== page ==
It’s February. For some weird reason I always remember that the 20th of this month marks the day that van Gogh arrived in Arles in 1888. Physically exhausted but inspired—craving a quieter life filled with the “Japanese” light he so admired, planning to establish an artists’ community in the South of France, and hoping to create a new form of art—he left the Impressionists of Paris. Just a year later, in February 1889, van Gogh would be admitted to the Hôtel-Dieu hospital in Arles for the third time after his row with Gauguin and his now infamous mutilation of his ear. Shortly thereafter, in May 1889, exhausted and now emotionally defeated, he would admit himself to the asylum of Saint-Paul-de-Mausole in Saint-Rémy-de-Provence.
And finally, two weeks ago, a friend sent me a video about van Gogh.(2) Barbara and our family of three were part of a larger group of friends that stayed together in a very large home—un mas—in St. Rémy, very near Saint-Paul-de-Mausole. It was a wonderful trip with one of the highlights certainly being a tour of the hospital—still currently a psychiatric facility—where van Gogh had sought treatment for a full year and where he had painted so many of his now famous works.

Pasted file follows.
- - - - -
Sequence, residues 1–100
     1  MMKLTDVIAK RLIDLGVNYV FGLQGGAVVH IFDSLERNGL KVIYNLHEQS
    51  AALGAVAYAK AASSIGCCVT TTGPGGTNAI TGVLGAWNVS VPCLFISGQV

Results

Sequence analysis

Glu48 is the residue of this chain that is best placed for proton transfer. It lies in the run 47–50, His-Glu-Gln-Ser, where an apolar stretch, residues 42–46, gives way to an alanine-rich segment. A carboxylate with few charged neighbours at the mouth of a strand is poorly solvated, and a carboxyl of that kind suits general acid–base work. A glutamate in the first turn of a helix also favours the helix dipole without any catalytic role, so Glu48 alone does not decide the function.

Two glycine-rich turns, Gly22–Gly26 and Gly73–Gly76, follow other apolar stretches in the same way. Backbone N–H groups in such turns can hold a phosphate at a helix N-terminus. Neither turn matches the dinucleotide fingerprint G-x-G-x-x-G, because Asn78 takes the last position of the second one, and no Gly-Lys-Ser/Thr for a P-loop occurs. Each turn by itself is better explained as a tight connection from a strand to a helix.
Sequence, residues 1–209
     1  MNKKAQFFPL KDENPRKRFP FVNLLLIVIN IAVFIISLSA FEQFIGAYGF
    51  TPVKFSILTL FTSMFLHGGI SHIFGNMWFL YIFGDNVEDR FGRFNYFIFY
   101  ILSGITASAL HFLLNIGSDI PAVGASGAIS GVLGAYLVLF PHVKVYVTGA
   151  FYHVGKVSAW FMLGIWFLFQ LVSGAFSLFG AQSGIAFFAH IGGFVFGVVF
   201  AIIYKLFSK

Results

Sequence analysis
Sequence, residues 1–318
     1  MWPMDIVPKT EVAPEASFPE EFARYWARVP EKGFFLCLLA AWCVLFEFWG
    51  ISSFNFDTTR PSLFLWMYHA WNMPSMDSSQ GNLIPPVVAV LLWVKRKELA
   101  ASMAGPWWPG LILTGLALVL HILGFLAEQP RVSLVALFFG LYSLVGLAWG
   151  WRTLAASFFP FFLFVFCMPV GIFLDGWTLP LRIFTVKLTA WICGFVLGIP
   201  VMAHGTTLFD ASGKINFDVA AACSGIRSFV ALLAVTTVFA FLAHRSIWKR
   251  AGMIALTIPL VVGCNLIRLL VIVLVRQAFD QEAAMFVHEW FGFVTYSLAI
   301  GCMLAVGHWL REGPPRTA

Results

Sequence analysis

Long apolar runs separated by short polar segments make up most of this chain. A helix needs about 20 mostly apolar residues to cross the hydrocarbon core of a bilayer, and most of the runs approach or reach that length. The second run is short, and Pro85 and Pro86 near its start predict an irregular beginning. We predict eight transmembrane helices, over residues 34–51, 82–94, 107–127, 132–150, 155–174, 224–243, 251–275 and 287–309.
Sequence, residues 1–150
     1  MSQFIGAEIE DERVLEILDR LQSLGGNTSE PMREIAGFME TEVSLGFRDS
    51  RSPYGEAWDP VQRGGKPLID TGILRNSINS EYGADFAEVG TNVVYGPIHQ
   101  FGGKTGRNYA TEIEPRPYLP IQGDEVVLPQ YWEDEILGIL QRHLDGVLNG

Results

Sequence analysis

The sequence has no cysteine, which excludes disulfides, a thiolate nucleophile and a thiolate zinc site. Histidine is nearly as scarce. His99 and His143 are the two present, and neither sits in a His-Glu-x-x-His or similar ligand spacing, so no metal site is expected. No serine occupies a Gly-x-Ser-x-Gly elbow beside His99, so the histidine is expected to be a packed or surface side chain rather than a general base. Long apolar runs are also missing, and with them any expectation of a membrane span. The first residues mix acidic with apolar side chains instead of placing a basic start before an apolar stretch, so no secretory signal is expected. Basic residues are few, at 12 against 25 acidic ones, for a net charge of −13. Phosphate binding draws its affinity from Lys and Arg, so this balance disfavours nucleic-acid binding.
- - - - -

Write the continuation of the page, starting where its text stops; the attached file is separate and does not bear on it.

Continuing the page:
I was telling another friend, an artist, about the convergence of the van Gogh things—the book, the exhibit, all the articles detailing the book and the exhibit, the significance of the month of February, the video, and now Starry, Starry Night playing in my head—and she, who is planning a trip to St. Rémy next fall, remarked that she did not know that it was in that city that van Gogh was hospitalized for so long. When I told her that she and her family could go visit the hospital, she nearly fell off her small chair in Ceres Bakery, where we were having lunch.
So, today, I thought I would write about van Gogh’s year in St. Rémy for my artist friend. What else can I do when van Gogh seems to be everywhere this month?